Nicholas Yager,
Germanna Immigrant of 1717

The yellow star on the map shows the vicinity from which the Yagers originally came; the yellow box shows the Falkenstein-Marienthal area where Nicholas Yager settled with his wife before emigrating to America. In orange, we see the area in Baden-Wurttemberg from which the Weavers, Clores, Blankenbakers and Wilhoits emigrated, in Gemmingen, Neuenfeld, Schwaigern, Oberderdingen,and Stetten Am Heuchelberg, villages all very close together. The Hengstelers and Ruops came from the pink areas closer to Switzerland. These were families whose complicated intermarriages eventually linked them to the Yagers in the Second Germanna Colony.

enealogists have traced the Germanna Yager family back to the Hessen province of Germany, and to the villages of Oberzell, Mottgers, and Weichersbach or Meiyersbach in Hessen. These villages are close to the border of Hesse with Bavaria, east of Frankfort, and are also close to the border of the province of Thuringia. Nicholas, we believe, was born in 1676 or 1678, but by the time he was 28 or 30 years old, he had migrated to Falkenstein, Pfalz, where he married, and where he and his wife Anna Maria Siebers lived in a mountain village called Falkenstein below a ruined castle. In 1717 he and Anna Maria, and his son Adam and daughter Anna Maria emigrated to the New World with several other German families to settle in the Second Germanna Colony in Virginia in the New World. We do not know what became of Nicholas' daughter, but the descendants of Adam Yager married the descendants of the other Virginia German colonists for several generations.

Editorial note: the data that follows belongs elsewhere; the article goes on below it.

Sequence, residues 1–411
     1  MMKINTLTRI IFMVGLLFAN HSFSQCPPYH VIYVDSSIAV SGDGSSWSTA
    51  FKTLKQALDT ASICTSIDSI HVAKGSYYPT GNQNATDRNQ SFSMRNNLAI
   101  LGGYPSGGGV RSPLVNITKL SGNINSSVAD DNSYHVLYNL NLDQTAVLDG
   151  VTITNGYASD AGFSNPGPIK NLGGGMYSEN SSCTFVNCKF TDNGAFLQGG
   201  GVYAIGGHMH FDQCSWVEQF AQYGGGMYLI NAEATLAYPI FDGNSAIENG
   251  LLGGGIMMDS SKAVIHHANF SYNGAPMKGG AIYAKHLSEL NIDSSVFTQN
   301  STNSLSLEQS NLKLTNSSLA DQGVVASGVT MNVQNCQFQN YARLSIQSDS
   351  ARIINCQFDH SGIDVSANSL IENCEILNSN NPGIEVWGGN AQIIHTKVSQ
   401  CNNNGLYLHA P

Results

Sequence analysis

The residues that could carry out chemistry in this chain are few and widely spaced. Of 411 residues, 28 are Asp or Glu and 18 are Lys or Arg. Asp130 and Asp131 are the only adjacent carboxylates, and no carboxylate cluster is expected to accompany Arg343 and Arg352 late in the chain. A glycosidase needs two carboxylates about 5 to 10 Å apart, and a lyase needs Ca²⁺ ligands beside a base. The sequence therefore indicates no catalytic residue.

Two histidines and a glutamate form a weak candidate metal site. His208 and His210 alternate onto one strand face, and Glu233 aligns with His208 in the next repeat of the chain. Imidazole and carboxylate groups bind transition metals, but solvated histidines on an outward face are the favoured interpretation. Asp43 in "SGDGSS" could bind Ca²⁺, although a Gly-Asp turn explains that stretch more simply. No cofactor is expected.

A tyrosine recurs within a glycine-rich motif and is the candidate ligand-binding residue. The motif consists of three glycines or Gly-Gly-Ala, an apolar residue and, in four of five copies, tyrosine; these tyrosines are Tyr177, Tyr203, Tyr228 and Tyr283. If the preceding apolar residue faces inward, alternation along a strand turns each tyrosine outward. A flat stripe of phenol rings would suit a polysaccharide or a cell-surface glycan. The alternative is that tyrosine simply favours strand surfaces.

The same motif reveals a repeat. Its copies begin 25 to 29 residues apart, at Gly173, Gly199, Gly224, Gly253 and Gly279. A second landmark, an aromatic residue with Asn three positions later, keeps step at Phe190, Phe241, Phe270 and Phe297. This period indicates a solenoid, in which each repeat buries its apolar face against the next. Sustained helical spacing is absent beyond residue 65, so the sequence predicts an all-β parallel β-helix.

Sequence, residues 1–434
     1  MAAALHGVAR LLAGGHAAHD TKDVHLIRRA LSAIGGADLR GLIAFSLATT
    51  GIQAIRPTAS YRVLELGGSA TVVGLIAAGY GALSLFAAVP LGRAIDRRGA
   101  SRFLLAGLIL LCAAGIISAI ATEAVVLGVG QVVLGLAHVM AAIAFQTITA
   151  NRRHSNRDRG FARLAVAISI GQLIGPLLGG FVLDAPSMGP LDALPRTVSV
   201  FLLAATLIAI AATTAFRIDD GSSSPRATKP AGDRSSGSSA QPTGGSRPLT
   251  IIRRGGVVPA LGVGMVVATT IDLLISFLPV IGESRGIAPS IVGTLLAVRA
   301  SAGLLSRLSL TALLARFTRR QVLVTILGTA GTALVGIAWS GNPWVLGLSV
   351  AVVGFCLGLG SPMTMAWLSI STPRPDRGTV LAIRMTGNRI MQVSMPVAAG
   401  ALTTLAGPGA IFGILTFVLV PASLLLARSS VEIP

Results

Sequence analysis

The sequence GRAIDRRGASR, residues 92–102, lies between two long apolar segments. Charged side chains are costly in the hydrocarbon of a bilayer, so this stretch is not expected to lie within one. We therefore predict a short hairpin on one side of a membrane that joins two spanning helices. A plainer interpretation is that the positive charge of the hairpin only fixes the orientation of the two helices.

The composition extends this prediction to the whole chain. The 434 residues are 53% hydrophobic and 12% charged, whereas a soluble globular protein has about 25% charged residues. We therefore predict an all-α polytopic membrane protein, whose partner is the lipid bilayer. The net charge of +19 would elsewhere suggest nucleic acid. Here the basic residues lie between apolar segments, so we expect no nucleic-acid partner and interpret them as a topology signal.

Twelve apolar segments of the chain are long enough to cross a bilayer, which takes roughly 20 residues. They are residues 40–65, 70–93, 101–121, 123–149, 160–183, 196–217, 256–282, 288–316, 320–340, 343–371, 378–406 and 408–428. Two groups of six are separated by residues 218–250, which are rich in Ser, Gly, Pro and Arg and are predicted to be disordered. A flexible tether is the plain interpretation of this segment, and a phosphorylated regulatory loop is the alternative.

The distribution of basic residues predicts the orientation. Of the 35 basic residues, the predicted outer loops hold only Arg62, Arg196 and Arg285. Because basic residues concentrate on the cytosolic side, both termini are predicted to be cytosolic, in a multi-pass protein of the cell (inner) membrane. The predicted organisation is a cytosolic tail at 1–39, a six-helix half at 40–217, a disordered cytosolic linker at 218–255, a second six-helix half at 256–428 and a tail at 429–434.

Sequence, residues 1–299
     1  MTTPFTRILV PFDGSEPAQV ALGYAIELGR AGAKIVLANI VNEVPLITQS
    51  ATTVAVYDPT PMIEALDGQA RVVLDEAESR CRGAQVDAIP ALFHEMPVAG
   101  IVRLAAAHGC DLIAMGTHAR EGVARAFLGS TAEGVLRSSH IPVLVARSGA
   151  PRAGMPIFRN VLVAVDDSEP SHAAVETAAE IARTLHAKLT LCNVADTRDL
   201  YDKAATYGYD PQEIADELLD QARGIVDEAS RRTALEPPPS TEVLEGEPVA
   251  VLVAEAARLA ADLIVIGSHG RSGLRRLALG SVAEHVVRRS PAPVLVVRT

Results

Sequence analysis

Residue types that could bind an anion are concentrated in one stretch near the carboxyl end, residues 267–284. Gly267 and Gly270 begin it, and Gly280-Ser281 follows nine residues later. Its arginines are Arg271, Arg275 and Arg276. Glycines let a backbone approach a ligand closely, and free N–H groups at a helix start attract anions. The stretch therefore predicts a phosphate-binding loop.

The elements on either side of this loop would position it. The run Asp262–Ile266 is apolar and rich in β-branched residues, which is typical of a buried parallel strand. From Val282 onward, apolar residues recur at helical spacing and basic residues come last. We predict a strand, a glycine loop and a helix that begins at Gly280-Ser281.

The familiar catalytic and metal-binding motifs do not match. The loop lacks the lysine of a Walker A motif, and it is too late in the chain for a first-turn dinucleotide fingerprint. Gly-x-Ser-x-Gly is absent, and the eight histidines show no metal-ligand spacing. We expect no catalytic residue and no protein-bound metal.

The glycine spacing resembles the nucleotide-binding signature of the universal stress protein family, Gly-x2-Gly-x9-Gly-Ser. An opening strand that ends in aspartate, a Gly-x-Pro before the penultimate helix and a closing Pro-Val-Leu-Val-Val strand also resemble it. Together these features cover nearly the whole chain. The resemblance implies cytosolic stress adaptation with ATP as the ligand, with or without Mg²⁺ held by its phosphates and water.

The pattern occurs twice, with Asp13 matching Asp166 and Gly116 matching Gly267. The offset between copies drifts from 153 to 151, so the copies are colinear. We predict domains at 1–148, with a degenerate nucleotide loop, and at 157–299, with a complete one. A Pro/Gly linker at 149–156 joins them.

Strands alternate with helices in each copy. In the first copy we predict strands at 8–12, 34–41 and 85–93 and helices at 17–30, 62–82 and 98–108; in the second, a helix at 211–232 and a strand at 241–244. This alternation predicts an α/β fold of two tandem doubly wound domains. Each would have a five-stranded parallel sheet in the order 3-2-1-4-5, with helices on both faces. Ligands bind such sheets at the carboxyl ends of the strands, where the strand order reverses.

Because of these intermarriages, there are thousands of the descendants of Nicholas Yager throughout the United States today among Second Colony descendants. They commemorate the courage of their ancestors Nicholas and Anna Maria Yager, and their son Adam, through the organization Germanna Research Group. In addition, there is information on a website maintained by George Durman, Germanna Colonies, and John Blankenbaker, Beyond Germanna.

It should be noted right away that many genealogists and sources use the spellings “Yeager” “Yaeger” “Jager” “Jaeger” and “Jeager.” We find that our ancestors were referred to by all these spellings and we can find the same persons on the same page of source material with the surname spelled differently. Therefore, simply to make it easier to compare persons in indices, for example, to see if we have a record of the same James Yager born in a certain year with a certain wife as the James Yager inquiry coming from a correspondent, it is best to pick one spelling, it is best to pick one spelling, and we have chosen Yager for the New World emigrants, for that is how Joan Yager, my great-grandmother, spelled her name.
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